Let’s examine the state of mind of people addicted to drugs or alcohol where they would do anything to feed their addiction even if the deed was despicable, detestable or criminal. We might say they were under the influence or control of the drug or alcohol. So do we say that these `authorities’ were under the control of their power and wealth? I think not. It was a decision over what they love versus what they know to be the truth. They know there was no such thing as having both as it was one or the other. Some of them went really out of the way to ensure that what they love will not be threatened further:

So the chief priests made plans to put Lazarus to death as well, because on account of him many of the Jews were going away and believing in Jesus. – John 12:10-11 ESV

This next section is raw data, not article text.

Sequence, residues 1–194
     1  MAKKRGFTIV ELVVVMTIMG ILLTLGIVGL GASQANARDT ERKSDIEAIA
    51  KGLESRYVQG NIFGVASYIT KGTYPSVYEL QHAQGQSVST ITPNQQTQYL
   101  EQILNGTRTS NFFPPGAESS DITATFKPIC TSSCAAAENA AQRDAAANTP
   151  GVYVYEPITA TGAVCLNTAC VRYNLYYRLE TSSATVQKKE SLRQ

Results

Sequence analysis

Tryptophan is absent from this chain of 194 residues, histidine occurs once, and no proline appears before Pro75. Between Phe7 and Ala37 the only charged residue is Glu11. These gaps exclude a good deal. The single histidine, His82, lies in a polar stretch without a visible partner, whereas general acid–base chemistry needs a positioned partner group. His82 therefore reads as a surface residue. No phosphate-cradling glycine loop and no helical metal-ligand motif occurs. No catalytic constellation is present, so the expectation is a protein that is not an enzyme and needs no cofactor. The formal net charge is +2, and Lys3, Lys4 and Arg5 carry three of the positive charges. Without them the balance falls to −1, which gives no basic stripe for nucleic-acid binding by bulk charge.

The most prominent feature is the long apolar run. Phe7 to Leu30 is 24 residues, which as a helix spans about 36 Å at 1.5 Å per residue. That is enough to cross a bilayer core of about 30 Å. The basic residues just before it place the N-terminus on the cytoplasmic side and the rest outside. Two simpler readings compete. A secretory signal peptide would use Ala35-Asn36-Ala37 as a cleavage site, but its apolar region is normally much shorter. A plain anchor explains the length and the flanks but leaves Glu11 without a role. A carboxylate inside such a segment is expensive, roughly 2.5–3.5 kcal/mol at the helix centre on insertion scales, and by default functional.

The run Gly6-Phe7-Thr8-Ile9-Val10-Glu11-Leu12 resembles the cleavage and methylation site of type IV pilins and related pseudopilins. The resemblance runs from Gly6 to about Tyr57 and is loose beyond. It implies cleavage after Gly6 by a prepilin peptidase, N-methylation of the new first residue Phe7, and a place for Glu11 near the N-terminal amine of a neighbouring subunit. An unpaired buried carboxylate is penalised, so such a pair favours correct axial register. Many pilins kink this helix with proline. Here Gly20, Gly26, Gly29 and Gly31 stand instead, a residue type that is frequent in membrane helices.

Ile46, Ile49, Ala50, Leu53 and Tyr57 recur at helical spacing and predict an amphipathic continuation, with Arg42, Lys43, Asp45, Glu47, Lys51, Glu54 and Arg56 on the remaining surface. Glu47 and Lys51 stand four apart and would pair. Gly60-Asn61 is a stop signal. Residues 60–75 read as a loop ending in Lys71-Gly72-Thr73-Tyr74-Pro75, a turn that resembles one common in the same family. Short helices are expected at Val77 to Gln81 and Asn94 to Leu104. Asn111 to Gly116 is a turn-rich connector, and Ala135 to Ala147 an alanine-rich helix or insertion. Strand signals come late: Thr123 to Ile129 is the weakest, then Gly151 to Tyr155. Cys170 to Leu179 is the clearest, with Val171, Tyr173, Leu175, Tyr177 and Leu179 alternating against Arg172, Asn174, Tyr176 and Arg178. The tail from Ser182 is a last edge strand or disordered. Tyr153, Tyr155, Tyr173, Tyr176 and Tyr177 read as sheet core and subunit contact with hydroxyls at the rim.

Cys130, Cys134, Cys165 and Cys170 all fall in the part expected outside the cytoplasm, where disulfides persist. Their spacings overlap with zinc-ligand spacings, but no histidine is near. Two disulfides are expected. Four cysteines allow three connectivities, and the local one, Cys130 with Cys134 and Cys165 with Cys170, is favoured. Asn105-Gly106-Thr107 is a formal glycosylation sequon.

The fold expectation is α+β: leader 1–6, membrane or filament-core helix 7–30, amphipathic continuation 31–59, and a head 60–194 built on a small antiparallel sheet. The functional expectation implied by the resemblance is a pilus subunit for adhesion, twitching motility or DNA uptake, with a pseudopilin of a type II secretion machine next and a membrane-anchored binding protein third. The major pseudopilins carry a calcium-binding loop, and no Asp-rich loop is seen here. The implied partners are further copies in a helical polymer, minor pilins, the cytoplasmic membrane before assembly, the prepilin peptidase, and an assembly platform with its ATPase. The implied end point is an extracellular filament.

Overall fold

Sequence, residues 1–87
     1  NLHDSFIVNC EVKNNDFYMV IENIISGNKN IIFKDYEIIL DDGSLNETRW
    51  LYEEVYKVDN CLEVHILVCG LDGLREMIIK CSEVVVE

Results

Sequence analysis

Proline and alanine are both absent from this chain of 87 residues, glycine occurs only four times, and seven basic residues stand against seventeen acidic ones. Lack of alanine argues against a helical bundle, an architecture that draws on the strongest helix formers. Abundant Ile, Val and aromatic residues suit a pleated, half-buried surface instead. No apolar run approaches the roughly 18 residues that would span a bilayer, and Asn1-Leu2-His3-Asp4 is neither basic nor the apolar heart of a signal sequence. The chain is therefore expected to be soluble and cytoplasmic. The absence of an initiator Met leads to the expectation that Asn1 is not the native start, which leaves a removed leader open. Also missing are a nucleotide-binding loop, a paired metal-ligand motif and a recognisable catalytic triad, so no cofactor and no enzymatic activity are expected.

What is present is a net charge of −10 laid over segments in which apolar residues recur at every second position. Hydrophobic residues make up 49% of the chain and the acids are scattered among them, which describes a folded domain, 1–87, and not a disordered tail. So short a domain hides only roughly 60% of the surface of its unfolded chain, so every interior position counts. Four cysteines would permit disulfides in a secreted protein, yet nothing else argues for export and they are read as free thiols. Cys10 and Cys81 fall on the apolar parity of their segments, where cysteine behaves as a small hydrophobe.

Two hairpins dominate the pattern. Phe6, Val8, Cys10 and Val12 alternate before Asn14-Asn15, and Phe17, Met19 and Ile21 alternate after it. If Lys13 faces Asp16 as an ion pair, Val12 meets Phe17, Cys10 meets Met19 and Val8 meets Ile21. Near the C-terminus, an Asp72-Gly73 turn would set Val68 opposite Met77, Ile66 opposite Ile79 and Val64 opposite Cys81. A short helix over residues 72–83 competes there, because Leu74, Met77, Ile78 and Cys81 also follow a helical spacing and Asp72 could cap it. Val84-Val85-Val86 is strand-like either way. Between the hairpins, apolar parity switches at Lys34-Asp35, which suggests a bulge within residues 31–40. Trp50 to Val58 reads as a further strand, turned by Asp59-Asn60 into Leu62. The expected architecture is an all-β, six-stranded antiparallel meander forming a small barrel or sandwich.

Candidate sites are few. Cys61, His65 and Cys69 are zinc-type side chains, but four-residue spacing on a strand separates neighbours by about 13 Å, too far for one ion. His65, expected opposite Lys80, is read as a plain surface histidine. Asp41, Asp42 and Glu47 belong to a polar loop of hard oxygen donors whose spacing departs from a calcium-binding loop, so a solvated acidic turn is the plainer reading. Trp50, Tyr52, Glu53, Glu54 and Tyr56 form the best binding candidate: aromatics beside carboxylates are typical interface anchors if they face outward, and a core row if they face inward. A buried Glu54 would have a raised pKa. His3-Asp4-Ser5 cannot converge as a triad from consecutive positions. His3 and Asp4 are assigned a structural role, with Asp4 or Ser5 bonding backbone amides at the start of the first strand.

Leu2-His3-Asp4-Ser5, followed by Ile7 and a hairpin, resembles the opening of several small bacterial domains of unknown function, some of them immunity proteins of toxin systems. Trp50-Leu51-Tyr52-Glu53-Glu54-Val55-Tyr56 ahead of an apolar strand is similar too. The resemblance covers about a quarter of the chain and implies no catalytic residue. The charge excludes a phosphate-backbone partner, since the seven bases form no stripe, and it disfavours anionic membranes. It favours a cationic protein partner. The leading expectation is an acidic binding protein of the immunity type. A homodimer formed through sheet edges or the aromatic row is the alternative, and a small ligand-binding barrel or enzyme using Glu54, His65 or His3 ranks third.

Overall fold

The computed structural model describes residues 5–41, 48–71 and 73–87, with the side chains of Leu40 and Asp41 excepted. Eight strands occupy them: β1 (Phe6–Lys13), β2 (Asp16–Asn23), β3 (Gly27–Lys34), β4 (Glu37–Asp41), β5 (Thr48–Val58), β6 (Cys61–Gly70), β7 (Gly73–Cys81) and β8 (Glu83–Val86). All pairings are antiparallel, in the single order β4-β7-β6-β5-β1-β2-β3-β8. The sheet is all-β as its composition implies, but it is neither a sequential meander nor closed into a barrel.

Reflection

I examine myself in the light of how we can easily allow the powers of status, wealth and pride to blind us from the truth. How I may choose the fleeting pleasures of this world over what is eternal or that has an everlasting impact and purpose.

With this, I pray that the eyes of my heart will be open only to see God and walk in the light of his love and purpose.

The Will of God

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How do I know that I am doing the will of God?

Do I want to do the will of God?

These are simple yet the most difficult questions for me to answer.

Attempting to answer the first question, I began to look at verses that cited people who choose to do the will of God, for example;

In John 4:34 Jesus said, My food is to do the will of him who sent me and to accomplish his work.”